Top Democrat says Obama shares responsibility for Russia's meddling

by Mike Memoli /  / Updated 
Image: Adam Schiff
Rep. Adam Schiff of California, ranking Democrat on the Intelligence Committee, at the U.S. Capitol in December.Carolyn Kaster / AP file

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WASHINGTON — The Obama administration's muted response to the 2014 Sony hack may have laid the groundwork for Russia's meddling in the 2016 elections, a top Democrat argued Friday.

Rep. Adam Schiff, the top Democrat on the House Intelligence Committee, said the previous administration should have established a "more forceful deterrent" against potential adversaries considering cyberattacks against the U.S. or its institutions.

In late 2014 Sony Pictures confirmed that it had been the victim of a "brazen cyberattack" that led to the exposure of personal data of current and former employees and their families.

U.S. officials blamed North Korea, saying the attack was likely a response to the planned release of a comedy film depicting a fictional plot to assassinate the country's leader, Kim Jong Un. The administration responded — publicly at least — with only additional economic sanctions, rather than a similar cyber retaliation.

"I think that others around the world watched that and determined that cyber is a cost-free intervention," Schiff said during an interview with NBC's Andrea Mitchell at the Council on Foreign Relations in New York.

Russia's unusually brazen and "ham-handed" cyber campaign against the U.S. unfortunately coincided with a Republican candidate willing to embrace the help of an adversary, Schiff said.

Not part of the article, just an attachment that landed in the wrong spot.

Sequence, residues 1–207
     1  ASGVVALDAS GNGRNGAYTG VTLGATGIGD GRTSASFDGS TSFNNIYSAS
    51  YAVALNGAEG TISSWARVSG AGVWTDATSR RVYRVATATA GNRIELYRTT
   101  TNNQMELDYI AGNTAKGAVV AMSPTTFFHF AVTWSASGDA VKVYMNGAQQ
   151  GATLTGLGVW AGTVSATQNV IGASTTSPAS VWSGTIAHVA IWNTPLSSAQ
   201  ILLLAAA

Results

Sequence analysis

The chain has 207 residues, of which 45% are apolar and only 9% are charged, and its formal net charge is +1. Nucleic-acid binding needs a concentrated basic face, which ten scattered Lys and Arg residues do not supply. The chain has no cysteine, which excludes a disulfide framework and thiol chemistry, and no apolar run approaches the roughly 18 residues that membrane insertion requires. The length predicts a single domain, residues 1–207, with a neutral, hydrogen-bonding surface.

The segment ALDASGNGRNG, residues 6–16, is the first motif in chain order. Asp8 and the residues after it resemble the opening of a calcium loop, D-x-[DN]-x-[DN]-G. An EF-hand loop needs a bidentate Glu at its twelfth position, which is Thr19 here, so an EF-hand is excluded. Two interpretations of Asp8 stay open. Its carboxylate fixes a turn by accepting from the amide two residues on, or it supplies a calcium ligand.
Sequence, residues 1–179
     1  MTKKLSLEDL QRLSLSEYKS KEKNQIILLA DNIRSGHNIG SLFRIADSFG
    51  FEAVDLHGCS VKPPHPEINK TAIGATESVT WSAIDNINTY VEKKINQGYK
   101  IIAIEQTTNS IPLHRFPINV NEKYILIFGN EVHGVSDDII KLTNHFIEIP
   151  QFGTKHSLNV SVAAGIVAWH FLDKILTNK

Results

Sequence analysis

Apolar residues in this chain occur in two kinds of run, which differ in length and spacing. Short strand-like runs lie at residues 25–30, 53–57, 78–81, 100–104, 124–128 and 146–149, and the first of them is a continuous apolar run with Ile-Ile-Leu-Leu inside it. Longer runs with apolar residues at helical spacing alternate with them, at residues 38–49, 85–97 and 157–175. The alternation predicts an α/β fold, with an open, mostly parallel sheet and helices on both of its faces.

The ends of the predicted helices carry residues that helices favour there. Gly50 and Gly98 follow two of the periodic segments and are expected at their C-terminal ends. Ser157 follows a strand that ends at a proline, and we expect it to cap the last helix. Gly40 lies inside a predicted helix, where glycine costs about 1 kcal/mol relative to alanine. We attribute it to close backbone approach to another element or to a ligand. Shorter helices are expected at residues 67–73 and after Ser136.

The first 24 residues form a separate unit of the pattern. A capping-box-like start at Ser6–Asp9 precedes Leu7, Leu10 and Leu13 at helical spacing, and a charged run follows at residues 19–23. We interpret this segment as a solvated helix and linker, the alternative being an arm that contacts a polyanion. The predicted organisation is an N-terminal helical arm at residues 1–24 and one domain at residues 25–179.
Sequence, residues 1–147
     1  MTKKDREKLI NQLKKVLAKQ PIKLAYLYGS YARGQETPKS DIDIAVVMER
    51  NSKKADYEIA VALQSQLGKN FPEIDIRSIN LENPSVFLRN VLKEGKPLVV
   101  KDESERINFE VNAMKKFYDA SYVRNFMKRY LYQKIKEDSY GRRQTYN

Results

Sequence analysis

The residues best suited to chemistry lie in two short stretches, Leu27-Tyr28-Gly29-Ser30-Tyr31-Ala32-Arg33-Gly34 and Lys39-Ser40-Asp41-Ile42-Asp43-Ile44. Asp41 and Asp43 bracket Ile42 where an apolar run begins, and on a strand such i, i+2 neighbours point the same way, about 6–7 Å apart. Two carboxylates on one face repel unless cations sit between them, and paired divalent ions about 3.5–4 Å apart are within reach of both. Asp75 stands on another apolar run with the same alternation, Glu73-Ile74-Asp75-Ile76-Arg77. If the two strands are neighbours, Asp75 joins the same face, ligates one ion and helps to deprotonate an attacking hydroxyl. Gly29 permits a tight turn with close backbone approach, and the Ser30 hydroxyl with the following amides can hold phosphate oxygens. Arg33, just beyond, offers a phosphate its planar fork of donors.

"I'm certain that had John McCain or Mitt Romney been the nominee in 2016, they would have said, 'Russia, butt the hell out,'" Schiff said. "But that's not who Donald Trump was.

But the Obama administration shared some responsibility for what happened because of its response to Russia's actions.

"We should have called them out much earlier," Schiff said. "While I respect the motive in terms of the Obama administration, they didn't want to be seen as meddling, the American people had a right to know what was going on and could be trusted to do the right thing with it. And they should have defended being more public and aggressive at the time, at least in my view."

Just a month ago at the same venue, former Vice President Joe Biden defended the administration for not being more forceful in warning the public about Russia's activities. He said President Barack Obama was constantly walking a political "tightrope" in not wanting to be seen as politicizing a foreign threat, but also that the full scale of Russia's efforts was not fully known until after the election.

"Had we known what we knew three weeks later, we may have done something more," Biden said during a Jan. 23 event at the Council on Foreign Relations.

During his remarks Friday, Schiff also said he believed it was "likely" that the House Intelligence Committee would move to hold former White House chief strategist Steve Bannon in contempt of Congress for again refusing to answer key questions from the panel in its Russia investigation on Thursday.

"I think there’s really no choice for our committee but to move forward with contempt," he said. "It will impair all future congressional investigations if our committee or others in Congress establish a reputation that you can come in and you can just say no, and you can either give no reason for saying no or you can give the flimsiest of explanations."

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